China is selling more electric vehicles than the US—and it’s not even close

Belle of the ball.
Belle of the ball.
Image: EPA/ Diego Azubel
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The electric car has finally arrived—and most of them are racing off to China. China registered as many as 352,000 new electric vehicles (EV) in 2016, compared to only 159,000 cars registered in the US during the same time period (more than half of which were in California).

While automotive analysts caution China’s numbers could be inflated due to subsidy cheating, even the lower estimates remain higher than the US. (Navigant Consulting puts China’s 2016 figure as low as 250,000, but expects new registrations will nearly double this year).

“It was inevitable that China’s EV adoption was going to pass the US mostly because we’re so resistant to EVs,” says Rebecca Lindland, an analyst at Kelley Blue Book. Lindland predicts many Chinese drivers’ first cars will be electric and younger generations may never own a gas-powered vehicle.

China is now aggressively championing the EV. The world’s second-largest economy wants 11% of all car sales to be electric by 2020. This should add up to nearly 3 million such vehicles sold annually. Sales of “New Energy Vehicles,” as they are called in China, accounted for about half of all plug-in electric vehicles sold globally last year (and many were manufactured by China’s own automakers).

That matters because where China goes, carmakers will follow: While the US car market has plateaued at around 17.5 million units sold annually, China sold more than 28 million vehicles last year and its market is growing quickly.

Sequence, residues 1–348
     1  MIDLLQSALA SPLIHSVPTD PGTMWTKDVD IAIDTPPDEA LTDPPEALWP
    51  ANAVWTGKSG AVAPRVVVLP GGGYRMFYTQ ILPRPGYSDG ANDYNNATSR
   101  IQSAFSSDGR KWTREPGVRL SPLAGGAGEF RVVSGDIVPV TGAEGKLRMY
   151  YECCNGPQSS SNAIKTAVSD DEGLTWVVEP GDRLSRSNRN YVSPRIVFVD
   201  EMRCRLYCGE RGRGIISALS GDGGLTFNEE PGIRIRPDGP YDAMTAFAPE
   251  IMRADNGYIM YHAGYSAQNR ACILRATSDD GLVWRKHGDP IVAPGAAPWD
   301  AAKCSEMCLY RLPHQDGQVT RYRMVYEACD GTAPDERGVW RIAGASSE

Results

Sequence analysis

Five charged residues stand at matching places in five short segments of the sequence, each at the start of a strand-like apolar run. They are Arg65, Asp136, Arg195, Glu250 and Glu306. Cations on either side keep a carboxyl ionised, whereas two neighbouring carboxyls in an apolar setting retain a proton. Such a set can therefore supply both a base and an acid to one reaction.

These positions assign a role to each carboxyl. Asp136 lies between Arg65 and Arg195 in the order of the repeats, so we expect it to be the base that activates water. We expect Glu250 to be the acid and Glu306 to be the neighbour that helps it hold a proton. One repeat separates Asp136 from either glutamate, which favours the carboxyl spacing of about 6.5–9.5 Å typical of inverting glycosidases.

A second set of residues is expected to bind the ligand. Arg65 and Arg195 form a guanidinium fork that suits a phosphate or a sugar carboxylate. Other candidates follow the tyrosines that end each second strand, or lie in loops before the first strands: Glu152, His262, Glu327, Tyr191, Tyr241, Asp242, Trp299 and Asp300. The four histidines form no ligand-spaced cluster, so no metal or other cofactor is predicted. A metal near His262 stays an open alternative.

To further accelerate its transition to electric mobility, China is throwing massive amounts of money behind charging infrastructure and financial incentives. State news agency Xinhua said the government will deploy 100,000 public charging stations in 2017 alone, almost doubling the current total of 150,000. The US has only about 41,000 public charging outlets or plugs (at about 16,000 stations).

China also exempts electric cars from acquisition and excise taxes (worth $6,000 to $10,000 per car), while giving special lane access and other perks, reports the International Energy Agency (pdf). Meanwhile in the US, subsidies are waning. The Trump administration is reportedly considering cutting the EV tax break (worth up to $7,500 for buyers, although usually far less).

There are other factors to consider, as well. While Tesla and Chevy race to release their mass-market EVs—priced around $35,000—next year, China is already manufacturing its own far simpler versions for much less. It’s just not categorizing them as such. China’s immensely popular “low-speed electric vehicle” (LSEV) uses a basic battery (usually lead-acid) and electric motor technologies. In other words, it’s an electric vehicle.

China’s low-speed electric vehicles (LSEVs) have a top speed of about 40 mph (70 kph) and cost about $5,0000
China’s low-speed electric vehicles (LSEVs) have a top speed of about 40 mph (70 kph) and cost about $5,0000
Image: Dennis Zuev

“The whole Shandong province [population 90 million] is riding LSEVs,” notes Dennis Zuev, a mobility researcher at Lancaster University, “even in big cities.” The small, cheap vehicles (each one costs about $5,000) can travel up to 40 miles/hour (70 km/hour) and don’t require a driver’s license or license plate to operate.

While China only includes approved EV brands in its tallies (and subsidy program) at the moment, it may soon add LSEVs to the count. The vehicles have seen explosive sales: 600,000 units were sold in 2015 and they are on track to top 2 million by 2020, reports Research in China.